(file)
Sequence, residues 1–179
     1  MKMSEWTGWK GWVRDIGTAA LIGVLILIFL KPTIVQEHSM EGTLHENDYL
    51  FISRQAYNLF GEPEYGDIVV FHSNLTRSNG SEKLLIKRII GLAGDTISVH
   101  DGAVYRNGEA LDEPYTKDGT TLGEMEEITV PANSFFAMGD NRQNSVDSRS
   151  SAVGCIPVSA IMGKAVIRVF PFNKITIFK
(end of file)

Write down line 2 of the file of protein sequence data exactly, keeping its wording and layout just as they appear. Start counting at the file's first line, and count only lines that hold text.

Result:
     1  MKMSEWTGWK GWVRDIGTAA LIGVLILIFL KPTIVQEHSM EGTLHENDYL